iLO is like an additional little computer inside your server, it's called a Baseboard Management Controller (BMC for short).
iLO network connection can use a dedicated port (only BMC itself, nothing else) or be shared with the one of the server NICs.
If it's dedicated, you need an external switch to connect those interfaces.
If it's shared, the simple circuit just ensures there are no collisions, and nothing else. It is not nearly as advanced as, say, mini Ethernet switch. So there is nothing which could pass packets directly between iLO and NIC. If you connected that shared port to ordinary switch, it won't reflect packets back to the same port from which those originated, so it would be not possible to communicate either.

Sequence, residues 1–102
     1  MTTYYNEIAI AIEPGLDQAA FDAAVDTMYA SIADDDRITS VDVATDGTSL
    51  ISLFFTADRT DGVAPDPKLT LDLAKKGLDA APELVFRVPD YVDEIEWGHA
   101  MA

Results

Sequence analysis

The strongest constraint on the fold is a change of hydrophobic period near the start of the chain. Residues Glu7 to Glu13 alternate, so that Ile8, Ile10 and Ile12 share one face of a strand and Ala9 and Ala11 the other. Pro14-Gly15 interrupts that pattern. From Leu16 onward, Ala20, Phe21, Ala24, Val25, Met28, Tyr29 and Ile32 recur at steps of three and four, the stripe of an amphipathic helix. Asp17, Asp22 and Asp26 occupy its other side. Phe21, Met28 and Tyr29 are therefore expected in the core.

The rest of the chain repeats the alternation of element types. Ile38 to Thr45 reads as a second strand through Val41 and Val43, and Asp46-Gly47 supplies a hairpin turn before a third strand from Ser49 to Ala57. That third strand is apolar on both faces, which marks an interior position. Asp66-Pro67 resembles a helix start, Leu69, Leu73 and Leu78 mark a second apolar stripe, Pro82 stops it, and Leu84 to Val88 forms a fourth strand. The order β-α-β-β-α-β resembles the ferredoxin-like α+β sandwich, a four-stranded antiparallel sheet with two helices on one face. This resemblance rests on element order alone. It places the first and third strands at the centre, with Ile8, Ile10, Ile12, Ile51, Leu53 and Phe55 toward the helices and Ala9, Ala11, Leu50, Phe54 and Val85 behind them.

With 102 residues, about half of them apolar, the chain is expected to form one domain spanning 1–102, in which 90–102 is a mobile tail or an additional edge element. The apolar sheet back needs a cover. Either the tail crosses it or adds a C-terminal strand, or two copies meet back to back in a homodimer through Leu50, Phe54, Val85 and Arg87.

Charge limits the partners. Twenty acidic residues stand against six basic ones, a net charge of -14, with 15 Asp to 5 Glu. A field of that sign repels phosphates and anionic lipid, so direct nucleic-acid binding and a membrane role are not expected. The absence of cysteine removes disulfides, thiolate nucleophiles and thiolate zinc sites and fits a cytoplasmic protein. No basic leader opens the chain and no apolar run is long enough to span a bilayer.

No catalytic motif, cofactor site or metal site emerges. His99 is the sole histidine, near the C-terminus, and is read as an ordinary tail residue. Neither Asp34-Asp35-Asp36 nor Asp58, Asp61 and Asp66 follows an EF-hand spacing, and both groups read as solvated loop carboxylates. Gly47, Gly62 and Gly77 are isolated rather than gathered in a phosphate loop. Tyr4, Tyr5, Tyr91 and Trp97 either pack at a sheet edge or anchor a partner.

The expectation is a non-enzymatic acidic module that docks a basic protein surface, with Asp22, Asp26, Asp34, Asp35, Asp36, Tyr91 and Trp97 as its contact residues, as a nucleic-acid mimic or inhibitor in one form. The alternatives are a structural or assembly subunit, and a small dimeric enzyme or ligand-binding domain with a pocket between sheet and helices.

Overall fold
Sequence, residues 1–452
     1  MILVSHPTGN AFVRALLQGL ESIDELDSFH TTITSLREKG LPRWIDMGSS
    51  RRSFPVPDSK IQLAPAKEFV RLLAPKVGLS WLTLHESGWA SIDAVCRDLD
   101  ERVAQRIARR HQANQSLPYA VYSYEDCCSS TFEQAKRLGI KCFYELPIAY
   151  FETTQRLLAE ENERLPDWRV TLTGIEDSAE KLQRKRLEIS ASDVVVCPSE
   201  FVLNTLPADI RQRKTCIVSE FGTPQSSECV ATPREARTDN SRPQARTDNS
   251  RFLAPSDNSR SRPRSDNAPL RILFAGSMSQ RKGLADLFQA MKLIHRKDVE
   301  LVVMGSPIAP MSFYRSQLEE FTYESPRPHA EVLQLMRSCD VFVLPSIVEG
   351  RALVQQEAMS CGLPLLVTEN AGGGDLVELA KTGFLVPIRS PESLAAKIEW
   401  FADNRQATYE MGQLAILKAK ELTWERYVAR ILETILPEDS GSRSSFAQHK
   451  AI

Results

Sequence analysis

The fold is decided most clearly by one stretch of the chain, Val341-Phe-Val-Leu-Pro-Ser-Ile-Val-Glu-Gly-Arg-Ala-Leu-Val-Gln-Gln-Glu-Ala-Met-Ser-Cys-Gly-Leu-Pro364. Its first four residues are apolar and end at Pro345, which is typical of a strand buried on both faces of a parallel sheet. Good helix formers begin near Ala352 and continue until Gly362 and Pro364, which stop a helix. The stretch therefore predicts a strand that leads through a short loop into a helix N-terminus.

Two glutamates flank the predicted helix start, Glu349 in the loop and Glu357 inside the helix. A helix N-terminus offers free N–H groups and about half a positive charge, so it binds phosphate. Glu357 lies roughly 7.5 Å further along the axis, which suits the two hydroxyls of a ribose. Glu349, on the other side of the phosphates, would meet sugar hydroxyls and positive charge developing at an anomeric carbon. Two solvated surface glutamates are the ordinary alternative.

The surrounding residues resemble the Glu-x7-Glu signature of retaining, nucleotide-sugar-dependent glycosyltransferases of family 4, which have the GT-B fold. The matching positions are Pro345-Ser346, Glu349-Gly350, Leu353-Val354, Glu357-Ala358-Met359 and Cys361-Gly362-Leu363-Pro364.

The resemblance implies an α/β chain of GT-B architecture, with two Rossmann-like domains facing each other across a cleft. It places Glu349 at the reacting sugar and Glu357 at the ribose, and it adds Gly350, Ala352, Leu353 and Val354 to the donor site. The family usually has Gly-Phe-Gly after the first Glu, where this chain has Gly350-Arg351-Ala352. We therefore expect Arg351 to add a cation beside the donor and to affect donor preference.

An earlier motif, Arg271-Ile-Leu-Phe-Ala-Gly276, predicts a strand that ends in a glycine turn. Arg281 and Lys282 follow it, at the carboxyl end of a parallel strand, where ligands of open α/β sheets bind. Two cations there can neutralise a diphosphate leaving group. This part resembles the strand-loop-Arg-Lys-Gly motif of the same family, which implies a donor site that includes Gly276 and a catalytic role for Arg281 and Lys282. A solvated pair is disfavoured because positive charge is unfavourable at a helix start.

If the switch could configure a port to be a reflective relay port, it would be possible, because it then will reflect the packets back, but don't do this even if your switch supports that. This port mode is for very different purpose, and in this case you certainly have enough resources to dedicate some switch to connect iLO interfaces of your servers.
Better ask yourself, why do you need to communicate between the server and iLO over the Ethernet in the first place? They are already connected internally (IPMI SMBus interface). In Linux, you can use
ipmiutil to access local IPMI BMC over SMBus, just ensure you've loaded the
ipmi_devintf driver (module).
In general, if you don't have serious reasons to use shared mode (like that you install the server on the colocation where you pay per port), never use it. Always use the dedicated iLO port whenever possible.